Nevada Labor Laws on Working Hours and Breaks

By Wilhelm Schnotz
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Nevada's labor laws are slightly more stringent regarding the number of hours an employer may expect an employee to work without requiring overtime pay. Neither state nor federal regulation addresses the issue of break or lunch requirements. Thus, employers in Nevada who require workers to continuously work through their shifts aren't violating labor laws.

Hours Worked and Overtime

The federal Fair Labor Standards Act and the state of Nevada require employers to pay overtime rates, equivalent to 150 percent of a regular wage, for every hour in a work week in which an employee works beyond 40 hours. In addition, Nevada Revised Statutes 608.018 requires that employers pay overtime for all time worked beyond an eight-hour workday; a 12-hour shift accrues four hours of overtime. If employers and employees enter into a contract that defines a work week as four 10-hour days, overtime isn't necessary until the worker works more than 10 hours in a workday.

Breaks

Nevada and federal labor laws don't require employers to provide coffee or lunch breaks, regardless of the number of hours an employee works in a single sitting. The Fair Labor Standards Act requires that employers compensate workers for brief breaks of up to 20 minutes in the case that employers allow them. In the case of breaks longer than 20 minutes, such as lunch breaks which are generally 30 minutes or longer, an employer may require employees to punch out and not be compensated for their time away from their job.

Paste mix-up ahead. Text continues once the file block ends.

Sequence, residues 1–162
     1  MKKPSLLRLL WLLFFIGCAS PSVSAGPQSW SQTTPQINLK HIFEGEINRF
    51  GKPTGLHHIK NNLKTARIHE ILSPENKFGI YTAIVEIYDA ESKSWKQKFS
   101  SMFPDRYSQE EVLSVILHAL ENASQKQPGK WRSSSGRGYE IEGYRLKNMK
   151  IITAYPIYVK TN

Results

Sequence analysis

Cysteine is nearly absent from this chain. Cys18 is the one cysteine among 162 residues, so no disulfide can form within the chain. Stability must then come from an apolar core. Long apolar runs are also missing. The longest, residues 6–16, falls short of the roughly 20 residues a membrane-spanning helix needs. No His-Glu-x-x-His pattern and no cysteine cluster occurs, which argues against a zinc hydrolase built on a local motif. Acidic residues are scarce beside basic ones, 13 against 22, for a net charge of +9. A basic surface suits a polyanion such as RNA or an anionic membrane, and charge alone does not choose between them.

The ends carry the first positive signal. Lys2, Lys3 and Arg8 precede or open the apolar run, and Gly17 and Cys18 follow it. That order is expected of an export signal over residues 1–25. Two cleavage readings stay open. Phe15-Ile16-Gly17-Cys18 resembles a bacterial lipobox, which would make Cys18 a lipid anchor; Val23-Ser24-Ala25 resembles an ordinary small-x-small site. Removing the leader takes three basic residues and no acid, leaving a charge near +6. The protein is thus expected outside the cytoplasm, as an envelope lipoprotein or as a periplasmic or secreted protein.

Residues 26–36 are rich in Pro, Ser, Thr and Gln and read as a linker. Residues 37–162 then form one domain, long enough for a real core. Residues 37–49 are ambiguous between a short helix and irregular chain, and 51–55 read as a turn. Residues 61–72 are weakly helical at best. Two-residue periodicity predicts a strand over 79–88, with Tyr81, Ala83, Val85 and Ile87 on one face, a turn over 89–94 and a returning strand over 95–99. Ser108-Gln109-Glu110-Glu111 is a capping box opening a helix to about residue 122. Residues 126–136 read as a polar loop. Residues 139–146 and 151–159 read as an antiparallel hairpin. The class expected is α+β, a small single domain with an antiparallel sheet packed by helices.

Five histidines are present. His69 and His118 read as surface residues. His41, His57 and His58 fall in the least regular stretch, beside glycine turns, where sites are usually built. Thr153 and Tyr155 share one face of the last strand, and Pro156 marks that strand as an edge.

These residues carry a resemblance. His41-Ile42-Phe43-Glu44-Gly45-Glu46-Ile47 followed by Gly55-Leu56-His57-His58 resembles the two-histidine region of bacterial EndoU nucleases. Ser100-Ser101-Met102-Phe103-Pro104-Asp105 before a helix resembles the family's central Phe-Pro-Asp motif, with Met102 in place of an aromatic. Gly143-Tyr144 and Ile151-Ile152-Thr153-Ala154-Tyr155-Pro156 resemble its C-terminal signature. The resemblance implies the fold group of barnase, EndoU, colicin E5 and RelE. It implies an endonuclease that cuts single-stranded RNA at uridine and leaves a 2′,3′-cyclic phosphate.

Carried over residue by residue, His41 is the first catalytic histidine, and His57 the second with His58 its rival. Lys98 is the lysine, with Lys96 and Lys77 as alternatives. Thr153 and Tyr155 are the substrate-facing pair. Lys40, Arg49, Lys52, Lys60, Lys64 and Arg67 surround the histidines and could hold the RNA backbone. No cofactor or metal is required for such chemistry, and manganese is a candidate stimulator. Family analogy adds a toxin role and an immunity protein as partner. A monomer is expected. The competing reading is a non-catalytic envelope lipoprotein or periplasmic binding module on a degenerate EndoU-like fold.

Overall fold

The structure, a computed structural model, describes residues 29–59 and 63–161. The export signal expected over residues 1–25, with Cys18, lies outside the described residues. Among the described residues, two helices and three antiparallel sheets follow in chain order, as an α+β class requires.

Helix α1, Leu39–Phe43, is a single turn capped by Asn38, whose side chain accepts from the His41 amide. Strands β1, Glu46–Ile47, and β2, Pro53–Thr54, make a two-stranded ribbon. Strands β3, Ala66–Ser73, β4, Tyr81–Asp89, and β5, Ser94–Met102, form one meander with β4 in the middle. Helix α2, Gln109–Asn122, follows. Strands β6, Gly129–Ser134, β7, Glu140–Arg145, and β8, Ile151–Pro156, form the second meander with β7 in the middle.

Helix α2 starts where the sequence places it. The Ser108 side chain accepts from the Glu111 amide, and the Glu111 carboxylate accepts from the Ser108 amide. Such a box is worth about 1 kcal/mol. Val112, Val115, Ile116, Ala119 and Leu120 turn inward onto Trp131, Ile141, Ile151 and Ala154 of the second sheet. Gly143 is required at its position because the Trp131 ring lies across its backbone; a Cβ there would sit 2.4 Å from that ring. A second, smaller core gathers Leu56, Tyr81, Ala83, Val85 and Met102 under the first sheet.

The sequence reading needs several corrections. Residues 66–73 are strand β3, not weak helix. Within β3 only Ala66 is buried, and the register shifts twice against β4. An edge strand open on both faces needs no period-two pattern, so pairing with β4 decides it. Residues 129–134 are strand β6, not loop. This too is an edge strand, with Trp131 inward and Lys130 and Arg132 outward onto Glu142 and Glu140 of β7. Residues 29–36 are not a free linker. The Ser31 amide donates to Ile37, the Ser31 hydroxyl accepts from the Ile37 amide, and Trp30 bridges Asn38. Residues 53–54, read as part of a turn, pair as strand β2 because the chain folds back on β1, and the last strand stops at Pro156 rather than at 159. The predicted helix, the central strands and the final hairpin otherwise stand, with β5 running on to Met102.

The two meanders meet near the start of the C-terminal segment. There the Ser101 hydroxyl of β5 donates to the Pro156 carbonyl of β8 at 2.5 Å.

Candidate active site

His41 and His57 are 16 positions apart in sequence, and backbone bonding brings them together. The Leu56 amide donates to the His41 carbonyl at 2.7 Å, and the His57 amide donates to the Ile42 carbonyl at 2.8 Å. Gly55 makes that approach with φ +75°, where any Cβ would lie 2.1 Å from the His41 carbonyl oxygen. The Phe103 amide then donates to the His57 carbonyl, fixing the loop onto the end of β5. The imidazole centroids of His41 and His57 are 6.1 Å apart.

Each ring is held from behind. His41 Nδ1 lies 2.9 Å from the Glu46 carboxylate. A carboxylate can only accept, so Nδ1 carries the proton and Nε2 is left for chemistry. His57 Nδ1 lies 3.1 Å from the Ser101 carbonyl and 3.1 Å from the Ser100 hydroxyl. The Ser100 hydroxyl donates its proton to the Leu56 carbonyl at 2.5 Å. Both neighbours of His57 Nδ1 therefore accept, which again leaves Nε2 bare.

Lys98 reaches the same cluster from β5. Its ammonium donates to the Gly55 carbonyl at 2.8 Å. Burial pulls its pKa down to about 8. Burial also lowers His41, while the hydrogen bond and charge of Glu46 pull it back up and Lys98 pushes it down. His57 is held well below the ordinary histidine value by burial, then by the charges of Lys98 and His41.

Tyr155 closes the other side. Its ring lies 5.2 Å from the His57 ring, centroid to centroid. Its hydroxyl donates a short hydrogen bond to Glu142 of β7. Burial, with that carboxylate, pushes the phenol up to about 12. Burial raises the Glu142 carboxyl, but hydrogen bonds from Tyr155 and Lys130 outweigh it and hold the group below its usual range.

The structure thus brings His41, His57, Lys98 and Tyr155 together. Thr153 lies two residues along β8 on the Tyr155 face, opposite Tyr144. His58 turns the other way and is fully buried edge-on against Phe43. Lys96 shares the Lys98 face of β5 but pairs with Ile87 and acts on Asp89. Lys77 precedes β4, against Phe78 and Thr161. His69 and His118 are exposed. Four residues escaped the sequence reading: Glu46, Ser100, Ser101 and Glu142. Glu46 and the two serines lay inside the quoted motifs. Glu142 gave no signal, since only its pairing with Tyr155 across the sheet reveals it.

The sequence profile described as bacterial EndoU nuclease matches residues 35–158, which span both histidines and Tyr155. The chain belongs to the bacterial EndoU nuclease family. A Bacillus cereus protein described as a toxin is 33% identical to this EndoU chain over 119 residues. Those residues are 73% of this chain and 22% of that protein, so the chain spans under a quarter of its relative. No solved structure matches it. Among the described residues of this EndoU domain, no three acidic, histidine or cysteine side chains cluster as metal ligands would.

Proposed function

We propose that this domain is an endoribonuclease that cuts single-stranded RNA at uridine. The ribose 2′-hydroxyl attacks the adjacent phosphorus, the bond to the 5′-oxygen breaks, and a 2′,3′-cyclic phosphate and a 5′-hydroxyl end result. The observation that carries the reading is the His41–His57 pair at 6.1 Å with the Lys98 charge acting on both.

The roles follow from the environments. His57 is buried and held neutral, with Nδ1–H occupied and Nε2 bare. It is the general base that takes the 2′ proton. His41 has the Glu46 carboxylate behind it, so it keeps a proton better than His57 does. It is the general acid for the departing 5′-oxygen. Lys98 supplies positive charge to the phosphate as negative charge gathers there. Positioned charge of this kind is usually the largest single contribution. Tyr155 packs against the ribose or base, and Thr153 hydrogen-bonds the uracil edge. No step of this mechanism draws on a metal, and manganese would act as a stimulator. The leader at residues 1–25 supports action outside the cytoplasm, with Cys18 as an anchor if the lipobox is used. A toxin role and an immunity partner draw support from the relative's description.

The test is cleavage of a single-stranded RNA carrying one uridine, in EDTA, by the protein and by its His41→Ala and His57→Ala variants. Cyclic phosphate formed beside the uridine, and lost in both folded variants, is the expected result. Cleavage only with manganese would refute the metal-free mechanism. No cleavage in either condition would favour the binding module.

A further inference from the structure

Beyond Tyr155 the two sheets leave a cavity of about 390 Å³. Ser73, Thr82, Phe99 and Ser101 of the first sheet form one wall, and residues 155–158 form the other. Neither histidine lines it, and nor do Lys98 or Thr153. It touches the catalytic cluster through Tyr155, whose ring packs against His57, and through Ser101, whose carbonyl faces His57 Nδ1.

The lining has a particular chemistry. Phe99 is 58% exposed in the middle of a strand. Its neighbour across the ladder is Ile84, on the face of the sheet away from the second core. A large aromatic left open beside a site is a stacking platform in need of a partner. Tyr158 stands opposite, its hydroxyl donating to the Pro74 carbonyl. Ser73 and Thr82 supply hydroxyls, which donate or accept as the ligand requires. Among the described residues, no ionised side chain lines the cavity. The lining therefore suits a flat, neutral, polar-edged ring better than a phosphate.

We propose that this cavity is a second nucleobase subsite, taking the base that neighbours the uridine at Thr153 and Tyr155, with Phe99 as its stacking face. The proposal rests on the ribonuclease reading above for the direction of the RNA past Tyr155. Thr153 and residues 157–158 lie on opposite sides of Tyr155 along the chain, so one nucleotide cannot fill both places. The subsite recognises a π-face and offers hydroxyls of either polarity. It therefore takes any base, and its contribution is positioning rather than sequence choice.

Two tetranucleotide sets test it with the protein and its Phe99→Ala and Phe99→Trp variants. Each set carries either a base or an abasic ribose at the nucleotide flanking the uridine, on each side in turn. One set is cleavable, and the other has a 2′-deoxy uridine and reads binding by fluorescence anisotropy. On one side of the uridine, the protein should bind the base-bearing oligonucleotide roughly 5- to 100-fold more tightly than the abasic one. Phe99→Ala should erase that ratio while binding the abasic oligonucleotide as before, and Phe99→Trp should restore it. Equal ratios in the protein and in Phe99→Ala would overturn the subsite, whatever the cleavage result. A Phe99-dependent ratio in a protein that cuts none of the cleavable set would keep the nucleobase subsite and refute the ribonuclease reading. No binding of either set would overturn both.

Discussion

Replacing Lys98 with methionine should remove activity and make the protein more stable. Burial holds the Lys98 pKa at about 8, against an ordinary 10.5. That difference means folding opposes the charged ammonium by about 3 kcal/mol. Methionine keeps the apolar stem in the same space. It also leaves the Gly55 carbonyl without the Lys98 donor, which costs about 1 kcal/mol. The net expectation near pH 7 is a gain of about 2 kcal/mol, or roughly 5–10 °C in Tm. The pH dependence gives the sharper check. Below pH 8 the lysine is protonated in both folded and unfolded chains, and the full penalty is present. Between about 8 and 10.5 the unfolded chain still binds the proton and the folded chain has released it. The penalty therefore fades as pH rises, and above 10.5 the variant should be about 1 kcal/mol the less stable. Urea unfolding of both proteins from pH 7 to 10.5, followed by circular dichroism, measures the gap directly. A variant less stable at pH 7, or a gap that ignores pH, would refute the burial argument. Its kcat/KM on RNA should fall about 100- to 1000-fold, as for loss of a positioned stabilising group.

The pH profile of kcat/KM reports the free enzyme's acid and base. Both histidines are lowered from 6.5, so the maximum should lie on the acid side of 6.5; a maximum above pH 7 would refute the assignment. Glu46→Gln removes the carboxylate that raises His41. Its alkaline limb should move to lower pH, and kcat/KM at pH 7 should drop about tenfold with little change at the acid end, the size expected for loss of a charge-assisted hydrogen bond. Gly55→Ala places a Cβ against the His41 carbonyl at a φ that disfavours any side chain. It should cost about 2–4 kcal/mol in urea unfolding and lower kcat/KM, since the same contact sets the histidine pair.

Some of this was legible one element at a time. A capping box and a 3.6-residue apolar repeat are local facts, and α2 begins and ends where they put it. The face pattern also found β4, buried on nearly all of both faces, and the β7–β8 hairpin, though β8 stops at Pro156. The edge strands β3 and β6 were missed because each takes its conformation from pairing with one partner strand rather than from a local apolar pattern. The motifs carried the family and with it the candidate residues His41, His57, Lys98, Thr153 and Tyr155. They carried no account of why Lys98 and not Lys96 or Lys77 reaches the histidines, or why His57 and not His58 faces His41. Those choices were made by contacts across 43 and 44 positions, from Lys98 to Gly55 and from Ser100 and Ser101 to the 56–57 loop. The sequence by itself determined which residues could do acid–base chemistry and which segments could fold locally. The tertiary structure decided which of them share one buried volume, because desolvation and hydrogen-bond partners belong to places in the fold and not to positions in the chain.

Workers Under 16 Years Old

Nevada Revised Statutes 609.240 limits the number of hours any worker who is 15 or under may work in a single week to 48 total, and bars workers under the age of 16 from working more than eight hours in any given day. Children who work on farms, in the making of movies or in domestic service aren't subject to these limited hours of employment. Federal and Nevada state law doesn't require employers to grant breaks to child workers.

Contract Situations

Contract law may require an employer to grant breaks or rest periods to workers as defined by a collective bargaining agreement or an individual contract. If a labor contract specifies regulations for the length of a workday, the maximum number of hours a worker may be required to work in a week or break periods, employers are required to honor those stipulations. Nevertheless, violating those agreements is a breach of contract, and not a matter of labor law.

About the Author

Wilhelm Schnotz has worked as a freelance writer since 1998, covering arts and entertainment, culture and financial stories for a variety of consumer publications. His work has appeared in dozens of print titles, including "TV Guide" and "The Dallas Observer." Schnotz holds a Bachelor of Arts in journalism from Colorado State University.